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When Anger Gets the Best of Us

How do you express your anger; the two most common responses to anger are explosion or repression.  In the workplace, we cannot explode each time we feel anger.  In the workplace, we cannot repress all our feelings.  Remember, anger is a natural reaction to life.  Sometimes the smallest things trigger an angry response.  Don’t let the anger get the best of you.  Allow yourself to get the best of the anger.

How do you express your anger?  I once had a woman in one of my workshops who said, “I never get angry.”  Can you imagine that?  How can we go through life and never feel anger?  Anger is a part of the passion of living.  There is nothing wrong with anger.  What is wrong is when we pass our anger onto someone else.  What is wrong is when we blame our angry feelings on ourselves or others.  What is wrong is when we channel our anger in the wrong place.  So, what can we do when we feel that nasty heat rise inside us?  You’re minding your own business, not interfering with anyone and all of a sudden something happens, and your body tenses, the heat rises inside you, your heart throbs and out of your mouth comes. . . what?

The two most common responses to anger are explosion or repression. 

Some people simply explode.  All the anger erupts from them like lava from a volcano.  Those standing in the way feel the burn and sometimes never recover from the outburst.  People who explode like this usually find themselves in bad places.  They can lose their jobs.  They can get in bad fights.  They suffer through a long and painful recovery because they often bruise and destroy relationships.

The second response to anger is repression.  Some people take all those feelings and push them deep inside themselves.  Fearing an explosion, they prefer to hide their feelings in a deep, dark corner.  These people are equally dangerous to themselves and others.  There’s just so much room inside us for our anger.  If we keep tucking that anger away, one day we’ll run out of room.  On that day, we could respond by turning our anger on ourselves in a violent way or by turning our anger on someone else.  I once heard depression defined as “the anger within.”

Is there a third response to anger?  In the workplace, we cannot explode each time we feel anger.  In the workplace, we cannot repress all our feelings.  Churchill said, “Speak in anger and you will deliver the greatest speech you will ever live to REGRET!” Whether you’re an explosive person or a person who represses your anger, you can learn to deal with anger in a more productive way.  Before I give you some tips, let me suggest that the woman in my class who said she never felt anger might be in more danger than any of us who admit to our anger.  Why?  She’s in denial.  All of us, even the most even-tempered among us, feel anger.  The question is: what do we do with it so it won’t get the best of us?

Here are some tips:

·     Recognize the symptoms of anger.  Learn what happens to you when you feel anger.  Once you recognize the symptoms, you will be more likely to control your anger.

·     Admit your anger.  Say it.  You can say, “I’m really angry,” or “That makes me so mad.”  Once you actually vocalize your anger, you’ve released it.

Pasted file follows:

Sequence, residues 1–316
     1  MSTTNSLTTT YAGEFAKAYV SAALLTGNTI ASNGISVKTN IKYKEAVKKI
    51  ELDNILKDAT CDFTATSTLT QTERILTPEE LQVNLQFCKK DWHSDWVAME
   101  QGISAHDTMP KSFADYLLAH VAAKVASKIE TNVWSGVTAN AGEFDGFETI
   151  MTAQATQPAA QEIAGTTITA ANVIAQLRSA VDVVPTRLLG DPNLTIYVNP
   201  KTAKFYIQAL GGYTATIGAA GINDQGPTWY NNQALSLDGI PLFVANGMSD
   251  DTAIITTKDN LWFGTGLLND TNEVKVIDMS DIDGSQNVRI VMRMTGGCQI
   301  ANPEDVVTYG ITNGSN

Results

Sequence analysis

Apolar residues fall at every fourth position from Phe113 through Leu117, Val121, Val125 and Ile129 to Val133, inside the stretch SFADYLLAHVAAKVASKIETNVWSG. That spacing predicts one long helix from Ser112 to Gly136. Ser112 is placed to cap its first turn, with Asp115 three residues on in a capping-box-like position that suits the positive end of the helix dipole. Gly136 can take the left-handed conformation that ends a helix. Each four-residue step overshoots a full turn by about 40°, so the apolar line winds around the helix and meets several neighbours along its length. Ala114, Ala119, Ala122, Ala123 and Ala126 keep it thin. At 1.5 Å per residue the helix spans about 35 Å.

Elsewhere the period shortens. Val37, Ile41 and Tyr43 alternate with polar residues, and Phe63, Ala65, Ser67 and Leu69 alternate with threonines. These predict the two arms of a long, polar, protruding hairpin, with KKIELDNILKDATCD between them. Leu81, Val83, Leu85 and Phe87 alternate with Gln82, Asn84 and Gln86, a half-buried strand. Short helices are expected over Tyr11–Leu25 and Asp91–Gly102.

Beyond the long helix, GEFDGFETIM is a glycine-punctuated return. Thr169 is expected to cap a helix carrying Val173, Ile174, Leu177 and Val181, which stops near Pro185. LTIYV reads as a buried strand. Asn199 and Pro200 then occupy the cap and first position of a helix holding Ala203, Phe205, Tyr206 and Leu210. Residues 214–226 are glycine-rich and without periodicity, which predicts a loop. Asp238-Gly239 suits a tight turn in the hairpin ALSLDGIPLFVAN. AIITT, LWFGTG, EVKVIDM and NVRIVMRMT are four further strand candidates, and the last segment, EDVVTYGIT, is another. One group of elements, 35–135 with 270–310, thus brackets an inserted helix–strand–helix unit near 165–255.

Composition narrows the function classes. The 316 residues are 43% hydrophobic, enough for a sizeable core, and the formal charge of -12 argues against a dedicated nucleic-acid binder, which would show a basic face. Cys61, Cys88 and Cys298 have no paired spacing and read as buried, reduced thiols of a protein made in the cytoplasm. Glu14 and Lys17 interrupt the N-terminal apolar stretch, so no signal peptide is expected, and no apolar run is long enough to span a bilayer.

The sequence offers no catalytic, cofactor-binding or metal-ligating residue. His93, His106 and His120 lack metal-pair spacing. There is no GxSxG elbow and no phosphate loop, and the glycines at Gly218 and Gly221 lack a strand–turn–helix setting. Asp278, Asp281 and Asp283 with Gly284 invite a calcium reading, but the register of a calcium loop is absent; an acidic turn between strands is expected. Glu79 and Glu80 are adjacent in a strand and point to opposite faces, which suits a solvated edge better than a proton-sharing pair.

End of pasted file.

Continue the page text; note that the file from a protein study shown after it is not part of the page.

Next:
·     Stay aware of your feelings.  Don’t ignore the boiling inside or the throbbing in your head.

·    Don’t blame others for your anger.  Recognize that your anger belongs to you.  Others do not make us angry.  Anger is a response to someone’s behavior.  It’s the behavior we abhor or causes us to feel anger, not the person. 

·     Find a fun way to release your anger.  Some of my clients have ugly dolls that they beat up.  Just knocking something on a desk as hard as you can will help you release your anger.

·     Give your anger time to dissipate before you encounter others.  Take a time-out. 

·     Take some slow deep breaths.  Close your eyes and imagine a place you love.  Hold onto that vision.  Don’t allow the source of the anger to creep back into your mind.

·     Find a trustworthy person to whom you can vent.

·     Write a poison-pen letter.  But, do not send it.  This was a common practice of Abraham Lincoln during the Civil War.  He’d pen letters to his incompetent generals.  Later he’d destroy those letters.  By writing the letters he not only vented, he began to see a more productive way to deal with the behavior that was causing his anger.

·     When you’ve calmed yourself and allowed your anger to seep out of you in a manner where no one gets hurt, do something about what caused you to become so angry, particularly if the situation may recur.  Take action. 

·     Detach yourself from the communication by using the Say It Just Right Model.  The model will enable you to maintain focus without being absorbed by your feelings.

Remember, anger is a natural reaction to life.  Sometimes the smallest things trigger an angry response.  Don’t let the anger get the best of you.  Allow yourself to get the best of the anger.

Source: Free Articles from ArticlesFactory.com

ABOUT THE AUTHOR


Joan Curtis, EdD is CEO of Total Communications Coaching where she specializes in helping smart, capable professionals move ahead in their careers by becoming skilled communicators and savvy leaders. 

Her new book, Managing Sticky Situations at Work:  Communication Secrets for Success in the Workplacegives you everything you need to know to Say It Just Right!

How Well Do You Communicate? Take this free assessment and find out.  http://www.totalcommunicationscoach.com/how_well_do_you_communicate.htm



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